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There are many barriers  which are unrelated to conflicts such as war, natural disaster, disturbances, and any other types of conflict which have prevented children from going to school in many countries. In   conflict zones throughout the world one can understand the reasons  schools are closed and why students stay out of school;  but in non conflict zones,  barriers  such  as poverty, gender discrimination, challenging geographies, untrained or no teachers at all,  and lack of educational facilities and supplies are impediments which have kept about 70 million children out of school. Some of these barriers are more pronounced in poor countries. Children living in north-east Africa, for instance,  are “the least likely to receive a good education” somli-children-in-a-camp-006      In some of these poor countries there are communities which have no schools at all, or the nearest schools are not within walking distances. Then there is the teacher problem as well – in some of such neighborhoods there are no teachers; or in some cases untrained or poorly trained teachers.  Lack of funding for providing classrooms 10barriers3    have spotlighted the major barriers to schooling, but it is not the only deterrent to schooling in non-conflict zones. Children with disabilities, gender discrimination, and household poverty are also barriers to education for many youngsters in many countries. 10barriers5   Some of the world’s 93 million children with disabilities have faced obstacles and have been denied schooling. Though advances have been made in educating girls,  more than 100 million young women are illiterate, denied opportunities for schooling simply because they are of the “wrong” gender in many societies. Some families are so poor that they cannot afford a single good meal per day. Unfortunately, in many of these poor countries the rich and  economically well-placed  care more about their children’s education  10barriers2    than they care about giving average education to poor kids

It is not only in the developing or underdeveloped world that young people are facing obstacles to basic education. Some very rich, very technologically advanced and developed countries have placed undue burdens to schooling upon their young and innocent citizens. In the United States for instance, 23 schools  were closed by Philadelphia’s state- run school commission in 2013 due to budget deficits. In the same year the Chicago Board of Education engaged in “the largest mass school closing in American history” by closing 49 elementary schools. The central arguments for closing schools in metropolitan U.S cities are usually based upon declining student enrollments and poor performance. While it may be true that students who are dispersed to other schools,  when theirs are closed,  do better academically, there is no denial that these students and their parents face inconveniences of relocation. One major drawback in reporting school closures is the assumption that all students so displaced will transfer 100 % to other schools. I have found no research to support this assumption, and no author has supplied any statistical data on the number of students who fail to transfer to other schools.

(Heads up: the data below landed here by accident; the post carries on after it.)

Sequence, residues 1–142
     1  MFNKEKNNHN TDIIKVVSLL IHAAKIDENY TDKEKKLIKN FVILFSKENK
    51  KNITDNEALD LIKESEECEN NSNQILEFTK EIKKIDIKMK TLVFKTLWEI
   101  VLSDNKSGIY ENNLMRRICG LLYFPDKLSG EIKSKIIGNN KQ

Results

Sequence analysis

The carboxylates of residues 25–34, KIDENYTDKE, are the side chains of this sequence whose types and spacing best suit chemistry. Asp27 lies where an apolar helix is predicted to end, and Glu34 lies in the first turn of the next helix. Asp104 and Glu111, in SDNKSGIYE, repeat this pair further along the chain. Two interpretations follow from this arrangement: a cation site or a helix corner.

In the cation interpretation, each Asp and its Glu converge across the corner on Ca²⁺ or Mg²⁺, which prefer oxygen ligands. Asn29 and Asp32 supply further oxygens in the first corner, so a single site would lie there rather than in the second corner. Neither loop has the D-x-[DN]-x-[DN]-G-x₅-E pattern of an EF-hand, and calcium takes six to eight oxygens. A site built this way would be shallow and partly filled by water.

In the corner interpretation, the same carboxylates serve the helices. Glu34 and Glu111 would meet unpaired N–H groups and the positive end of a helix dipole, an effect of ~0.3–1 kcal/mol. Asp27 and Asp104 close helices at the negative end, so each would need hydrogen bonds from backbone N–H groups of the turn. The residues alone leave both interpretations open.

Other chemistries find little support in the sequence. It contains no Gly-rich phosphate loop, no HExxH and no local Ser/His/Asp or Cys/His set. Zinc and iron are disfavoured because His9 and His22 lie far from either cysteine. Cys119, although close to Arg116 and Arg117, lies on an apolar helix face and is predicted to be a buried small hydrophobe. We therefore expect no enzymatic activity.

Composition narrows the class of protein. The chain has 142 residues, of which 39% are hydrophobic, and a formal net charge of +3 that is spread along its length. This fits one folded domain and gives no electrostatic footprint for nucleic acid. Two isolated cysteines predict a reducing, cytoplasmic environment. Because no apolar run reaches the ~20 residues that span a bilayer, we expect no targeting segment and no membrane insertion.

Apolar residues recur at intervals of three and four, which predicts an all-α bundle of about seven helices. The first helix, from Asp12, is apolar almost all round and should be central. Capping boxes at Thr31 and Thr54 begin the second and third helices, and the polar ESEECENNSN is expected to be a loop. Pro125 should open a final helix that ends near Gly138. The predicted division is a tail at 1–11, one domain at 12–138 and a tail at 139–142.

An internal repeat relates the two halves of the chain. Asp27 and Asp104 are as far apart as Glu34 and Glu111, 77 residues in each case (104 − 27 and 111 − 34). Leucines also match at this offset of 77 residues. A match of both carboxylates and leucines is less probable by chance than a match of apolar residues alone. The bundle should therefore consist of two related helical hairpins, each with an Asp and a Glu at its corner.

While barriers such as poverty, gender discrimination, and challenging geographies have kept children from poor developing countries out of school, children from developed countries like the United States have suffered only the inconveniences of relocating to other schools. Certainly children living in north-east Africa, for example, would gladly trade places with kids in Chicago or Philadelphia if they had the opportunity to walk many miles to school and from school. 70 million children out of school because of poverty, gender discrimination or inhospitable geographic conditions is a problem that can and should be addressed not only by the developing countries concerned, but by developed countries also. There is no better way to seek equitable distribution of world resources than in giving all children in the world equal opportunities to basic education.

 

References:

Cohen, R. M. (2016). ALTERNET, April 22, 2016. Retrieved from http://www.alternet.org/education/devastating-impact-school-closures-students-and-communities

Global Citizen, June2, 2014. Retrieved from https://www.globalcitizen.org/en/content/10-barriers-to-education-around-the-world-2/

Shepherd J. (2010) The Guardian, September 20, 2010. Retrieved from https://www.theguardian.com/education/2010/sep/20/70m-get-no-education

 

 

 

 

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